In addition, although they don’t refer to it as leaky gut syndrome, most medical professionals agree that increased intestinal permeability exists in certain chronic diseases. There are also many studies that connect increased intestinal permeability with multiple chronic diseases, such as celiac, diabetes, Crohn’s Disease, and IBS. Some doctors remain unsure if leaky gut is the cause of some of these other health conditions, or if it is a side effect of the condition.
It’s a type of ‘chicken or the egg’ question; which came first? Studies performed on animals with Celiac, type 1 diabetes, and IBS show that increased intestinal permeability (otherwise known as leaky gut) was identifiable prior to the onset of the disease. This evidence would support the theory that a leaky gut precedes the onset of other health conditions.
Plus, scores of Functional Medicine Doctors and Certified Functional Nutrition Counselors have the most compelling evidence of all–the lives of their patients and clients as they see their quality of life improve as they help them heal their leaky gut problems.
Why and How You Can Get A Leaky Gut
Medical professionals are still trying to determine exactly what causes leaky gut. Ongoing research continues as to what makes the intestines weaken and become permeable. Some of the culprits suspected of causing gaps in the intestinal wall include:
- Certain medical treatments (like chemotherapy and radiation therapy)
- Alcohol consumption
- Use of painkillers and NSAIDs (non-steroidal anti-inflammatory drugs, such as Ibuprofen, Tylenol, Aspirin, etc.)
- Surgical procedures (like gastric bypass)
- Overuse of antibiotics
- Food allergies and sensitivities
- Nutrient deficiencies/poor diet
- Excessive sugar
- Poor gut health (balance between harmful and beneficial bacteria in the gut is disrupted)
One study found that 87% of people with intestinal permeability who adopted a gluten-free diet were able to heal their leaky gut over the course of the year. This is evidence that food sensitivities and/or a poor diet may help cause a leaky gut. Additionally, it is evidence that once that particular trigger is removed, it is possible to heal a leaky gut.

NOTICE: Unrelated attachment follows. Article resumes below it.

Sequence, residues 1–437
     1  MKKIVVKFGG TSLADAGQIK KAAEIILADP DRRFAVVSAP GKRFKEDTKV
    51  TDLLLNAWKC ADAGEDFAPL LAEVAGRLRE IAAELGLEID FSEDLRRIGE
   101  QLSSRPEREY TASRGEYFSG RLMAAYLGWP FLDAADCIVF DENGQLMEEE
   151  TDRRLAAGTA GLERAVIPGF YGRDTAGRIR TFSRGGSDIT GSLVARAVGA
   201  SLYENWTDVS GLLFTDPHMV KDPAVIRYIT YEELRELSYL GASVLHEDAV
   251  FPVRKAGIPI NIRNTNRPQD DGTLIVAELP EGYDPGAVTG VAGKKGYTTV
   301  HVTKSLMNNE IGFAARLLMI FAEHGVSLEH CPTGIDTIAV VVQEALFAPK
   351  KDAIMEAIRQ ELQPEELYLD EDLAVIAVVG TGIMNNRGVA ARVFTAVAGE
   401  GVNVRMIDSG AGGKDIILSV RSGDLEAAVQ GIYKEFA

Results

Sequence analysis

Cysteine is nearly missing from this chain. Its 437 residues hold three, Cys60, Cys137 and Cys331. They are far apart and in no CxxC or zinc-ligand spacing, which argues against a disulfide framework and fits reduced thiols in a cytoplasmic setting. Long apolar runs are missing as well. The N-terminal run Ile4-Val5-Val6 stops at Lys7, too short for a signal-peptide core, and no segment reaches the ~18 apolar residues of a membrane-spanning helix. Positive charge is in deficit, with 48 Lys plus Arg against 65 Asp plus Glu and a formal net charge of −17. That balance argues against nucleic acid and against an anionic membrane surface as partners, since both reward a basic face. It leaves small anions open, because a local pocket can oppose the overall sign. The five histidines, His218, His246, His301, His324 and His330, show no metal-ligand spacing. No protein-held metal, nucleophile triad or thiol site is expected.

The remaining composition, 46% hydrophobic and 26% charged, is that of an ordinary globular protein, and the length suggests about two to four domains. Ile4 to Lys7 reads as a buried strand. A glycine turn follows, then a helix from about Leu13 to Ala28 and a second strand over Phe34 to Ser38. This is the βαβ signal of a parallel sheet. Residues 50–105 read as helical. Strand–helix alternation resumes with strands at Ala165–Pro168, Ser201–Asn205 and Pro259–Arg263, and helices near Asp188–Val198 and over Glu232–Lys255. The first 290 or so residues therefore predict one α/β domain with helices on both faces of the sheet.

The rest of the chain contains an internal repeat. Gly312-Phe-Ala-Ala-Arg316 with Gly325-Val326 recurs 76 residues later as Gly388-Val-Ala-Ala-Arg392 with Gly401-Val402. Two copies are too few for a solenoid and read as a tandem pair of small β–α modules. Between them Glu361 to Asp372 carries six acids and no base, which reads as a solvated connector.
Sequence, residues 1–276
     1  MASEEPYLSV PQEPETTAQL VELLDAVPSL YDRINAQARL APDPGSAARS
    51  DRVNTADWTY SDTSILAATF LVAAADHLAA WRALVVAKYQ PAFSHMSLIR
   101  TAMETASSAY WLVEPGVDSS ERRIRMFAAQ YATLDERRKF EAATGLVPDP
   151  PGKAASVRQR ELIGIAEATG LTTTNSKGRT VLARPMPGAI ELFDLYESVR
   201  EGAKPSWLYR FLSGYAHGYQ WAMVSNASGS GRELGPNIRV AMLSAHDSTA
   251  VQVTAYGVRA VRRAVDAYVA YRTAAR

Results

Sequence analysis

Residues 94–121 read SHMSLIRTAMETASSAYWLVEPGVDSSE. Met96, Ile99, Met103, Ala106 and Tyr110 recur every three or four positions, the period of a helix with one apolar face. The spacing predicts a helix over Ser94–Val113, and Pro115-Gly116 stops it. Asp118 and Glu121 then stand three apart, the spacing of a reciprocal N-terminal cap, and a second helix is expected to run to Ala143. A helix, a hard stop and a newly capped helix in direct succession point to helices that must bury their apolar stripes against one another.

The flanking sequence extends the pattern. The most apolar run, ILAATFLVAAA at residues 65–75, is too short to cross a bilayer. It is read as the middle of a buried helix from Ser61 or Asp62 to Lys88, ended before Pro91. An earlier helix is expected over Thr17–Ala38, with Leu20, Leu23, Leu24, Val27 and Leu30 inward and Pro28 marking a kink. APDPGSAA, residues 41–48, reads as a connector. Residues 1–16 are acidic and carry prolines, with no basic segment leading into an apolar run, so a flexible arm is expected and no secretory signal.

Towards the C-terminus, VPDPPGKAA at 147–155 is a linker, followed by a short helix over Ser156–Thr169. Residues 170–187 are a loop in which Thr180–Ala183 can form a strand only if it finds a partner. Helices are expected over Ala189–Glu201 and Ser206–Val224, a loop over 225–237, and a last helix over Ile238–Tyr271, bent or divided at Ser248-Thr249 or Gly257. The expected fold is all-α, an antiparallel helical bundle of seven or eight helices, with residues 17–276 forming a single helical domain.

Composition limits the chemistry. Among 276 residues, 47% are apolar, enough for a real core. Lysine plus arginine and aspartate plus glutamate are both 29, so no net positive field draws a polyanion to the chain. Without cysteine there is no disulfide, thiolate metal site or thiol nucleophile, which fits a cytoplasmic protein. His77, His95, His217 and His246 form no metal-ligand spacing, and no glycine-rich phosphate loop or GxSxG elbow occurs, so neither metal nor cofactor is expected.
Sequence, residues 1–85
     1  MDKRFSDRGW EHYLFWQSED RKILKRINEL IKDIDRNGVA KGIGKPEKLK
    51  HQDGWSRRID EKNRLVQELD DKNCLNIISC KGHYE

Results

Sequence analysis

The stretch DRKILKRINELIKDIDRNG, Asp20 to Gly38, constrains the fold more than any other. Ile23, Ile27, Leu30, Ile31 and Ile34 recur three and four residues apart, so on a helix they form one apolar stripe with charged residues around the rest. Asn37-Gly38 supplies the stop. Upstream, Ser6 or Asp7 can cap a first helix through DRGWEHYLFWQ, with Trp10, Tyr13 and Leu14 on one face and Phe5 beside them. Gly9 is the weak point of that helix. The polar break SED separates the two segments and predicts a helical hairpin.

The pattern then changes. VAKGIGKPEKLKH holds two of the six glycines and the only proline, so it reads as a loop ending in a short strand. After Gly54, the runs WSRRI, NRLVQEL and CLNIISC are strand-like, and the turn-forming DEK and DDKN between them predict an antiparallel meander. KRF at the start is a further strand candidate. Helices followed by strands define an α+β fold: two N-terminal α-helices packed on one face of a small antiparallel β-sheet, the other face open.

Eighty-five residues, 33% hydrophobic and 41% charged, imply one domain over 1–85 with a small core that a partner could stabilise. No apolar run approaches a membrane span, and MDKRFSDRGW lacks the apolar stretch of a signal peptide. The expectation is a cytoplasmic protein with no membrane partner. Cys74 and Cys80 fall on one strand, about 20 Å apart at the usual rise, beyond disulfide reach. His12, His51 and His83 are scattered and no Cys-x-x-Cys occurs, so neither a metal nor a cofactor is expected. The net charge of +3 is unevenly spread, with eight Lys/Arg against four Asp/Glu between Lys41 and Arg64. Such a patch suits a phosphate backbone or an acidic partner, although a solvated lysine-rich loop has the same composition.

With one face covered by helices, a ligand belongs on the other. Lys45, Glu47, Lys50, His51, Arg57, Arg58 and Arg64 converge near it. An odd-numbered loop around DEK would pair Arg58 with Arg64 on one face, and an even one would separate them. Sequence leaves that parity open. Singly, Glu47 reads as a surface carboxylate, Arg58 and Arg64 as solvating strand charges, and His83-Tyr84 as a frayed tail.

A Personal Look
This has definitely been my experience. I’ve spent the past two decades trying to treat and solve a variety of medical problems. It wasn’t until my wife and I connected the dots about the leaky gut syndrome that we started having any luck. We removed certain culprits from my life (no more NSAIDs, gluten, or sugar, for example), and added proper health supplementation, and I have been able to begin healing my leaky gut.
Since making these lifestyle changes, I have experienced a dramatic improvement in my health. Daily pain, which I now know was caused by the inflammation induced by my leaky gut, is no longer a chronic problem in my life. I am sleeping much better and have increased energy. And I’ve been able to reverse multiple health conditions I’d struggled with for years (I share these stories in the book Eating to Live: Unlocking the Leaky Gut Code – A Customized Journey to Optimal Health.)
Want to Know More?
There is significant scientific evidence that leaky gut syndrome is a real medical condition. But for me and my wife, my personal experience was the most compelling evidence of all. In addition, my wife, a Certified Functional Nutrition Counselor, has helped many clients to heal their guts and solve a wide variety of medical issues. It’s powerful to watch their quality of life change as they learn about and treat leaky gut syndrome. It’s been life-changing.
To learn more about this condition, and whether or not you might suffer from a leaky gut, visit www.eatingtolive.com.